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by Terry Ryder - creator of hotspotting.com.au
It's all about resources and infrastructure..
It's all about resources and infrastructure, which means jobs, jobs, jobs. The places delivering strong capital growth are the ones creating jobs.
They're not the places on the coast where people go to holiday or retire. They're the places, often inland regional locations, where industry happens and jobs are created. And right now, it's all about resources and infrastructure.
Here's my simple formula for those chasing capital gains ...
Resources + infrastructure = JOBS
Growth happens where people go to access new jobs. It seldom happens where people go to take a break from their jobs (holiday) or where people go after quitting their jobs (retire). And, perhaps more obviously, prices don't rise where jobs are being lost and unemployment is high.
To ram home this simple but powerful message, I'm devoting this edition of the Quarterly Market Report to a theme based on the two key jobs creators: resources and infrastructure.
The infrastructure/resources regions will do best in 2012
Western Australia's exploding resources sector has finally caught up with Perth's residential property market.
Vacancies are very tight and rents are rising, with tenants queuing at inspections and some offering more than the asking rent to secure accommodation.
This was inevitable. Last year we saw strong take-up of CBD office space and warehousing premises, plus low vacancies in Perth's hotels - all consequences of rising employment and population growth inspired by the expansion of the resources sector.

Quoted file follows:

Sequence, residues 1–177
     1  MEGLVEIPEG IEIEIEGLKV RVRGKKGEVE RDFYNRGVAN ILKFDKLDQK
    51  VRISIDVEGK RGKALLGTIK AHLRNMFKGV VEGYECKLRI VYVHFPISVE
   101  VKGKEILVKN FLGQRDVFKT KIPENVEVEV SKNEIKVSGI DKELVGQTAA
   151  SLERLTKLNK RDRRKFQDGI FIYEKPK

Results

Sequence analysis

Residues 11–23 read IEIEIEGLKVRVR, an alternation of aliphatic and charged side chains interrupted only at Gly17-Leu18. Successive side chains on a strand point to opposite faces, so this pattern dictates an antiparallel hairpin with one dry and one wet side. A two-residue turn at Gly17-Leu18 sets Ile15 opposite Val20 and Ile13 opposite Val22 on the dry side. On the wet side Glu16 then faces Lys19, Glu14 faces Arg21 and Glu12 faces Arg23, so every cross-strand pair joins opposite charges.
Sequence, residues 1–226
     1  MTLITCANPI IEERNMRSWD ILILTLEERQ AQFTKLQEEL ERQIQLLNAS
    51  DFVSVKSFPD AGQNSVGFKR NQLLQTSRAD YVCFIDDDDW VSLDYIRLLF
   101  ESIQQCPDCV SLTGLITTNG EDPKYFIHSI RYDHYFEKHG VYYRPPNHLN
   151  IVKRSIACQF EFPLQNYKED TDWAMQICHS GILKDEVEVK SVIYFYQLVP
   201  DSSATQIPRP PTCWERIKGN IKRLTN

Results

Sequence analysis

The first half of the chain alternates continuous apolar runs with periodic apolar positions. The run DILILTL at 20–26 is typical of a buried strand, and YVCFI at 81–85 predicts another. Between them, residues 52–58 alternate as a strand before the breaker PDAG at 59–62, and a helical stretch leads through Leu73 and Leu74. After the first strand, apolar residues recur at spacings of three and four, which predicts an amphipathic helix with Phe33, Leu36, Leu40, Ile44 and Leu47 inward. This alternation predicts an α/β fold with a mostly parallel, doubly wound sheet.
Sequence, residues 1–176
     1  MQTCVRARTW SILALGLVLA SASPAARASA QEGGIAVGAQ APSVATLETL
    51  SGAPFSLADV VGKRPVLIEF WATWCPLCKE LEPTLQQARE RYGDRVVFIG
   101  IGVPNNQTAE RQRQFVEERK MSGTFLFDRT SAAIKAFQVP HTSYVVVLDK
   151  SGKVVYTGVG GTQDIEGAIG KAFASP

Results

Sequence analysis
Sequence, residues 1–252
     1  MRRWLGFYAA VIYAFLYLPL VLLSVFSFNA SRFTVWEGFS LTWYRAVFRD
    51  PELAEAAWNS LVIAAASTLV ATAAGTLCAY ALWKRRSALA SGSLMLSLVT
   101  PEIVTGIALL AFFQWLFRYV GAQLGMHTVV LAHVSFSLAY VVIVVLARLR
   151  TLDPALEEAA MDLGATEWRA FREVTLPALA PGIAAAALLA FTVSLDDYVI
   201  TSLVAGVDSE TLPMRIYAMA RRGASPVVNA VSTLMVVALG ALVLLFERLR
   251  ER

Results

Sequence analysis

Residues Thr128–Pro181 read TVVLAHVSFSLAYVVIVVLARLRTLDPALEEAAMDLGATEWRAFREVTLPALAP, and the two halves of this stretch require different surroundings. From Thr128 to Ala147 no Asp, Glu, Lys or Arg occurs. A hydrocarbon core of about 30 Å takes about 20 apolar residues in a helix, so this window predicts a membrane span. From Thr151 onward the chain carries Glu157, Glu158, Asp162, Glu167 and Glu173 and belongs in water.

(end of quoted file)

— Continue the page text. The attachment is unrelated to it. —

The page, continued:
Now that has flowed through to residential property. The Perth market has been in hibernation for the past four years, but has finally awakened.
This is happening because the companies receiving the big contracts from the miners are headquartered in Perth - and many of the mine workers live in Perth and go to work as fly-in-fly-out (FIFO) personnel.
The federal inquiry into the impact of FIFO trends has been told that it costs a mining company $100,000 per year more to accommodate a worker in Port Hedland, as opposed to flying them in from Perth. This is largely because the average Port Hedland house costs over $1 million and rents for $2,000 per week.
So we have seen rising traffic through Perth Airport, which is already well beyond the levels of the pre-GFC upturn in the mining sector.
And it's only just starting. A record $150 billion worth of WA resources projects is expected to help the state grow at nearly twice the rate of FY2011 for the next two years.
Despite what the media would lead you to believe, it's not all about WA. Queensland is also seeing massive action, South Australia is rapidly emerging as the third big resources state, Darwin is abuzz with prospects of becoming a gas hub of global significance, the Hunter region of New South Wales has become one of the most dynamic economies in the nation, and even Victoria is seeking to grab a slice of the action with plans to expand the mining of brown coal in the Latrobe Valley.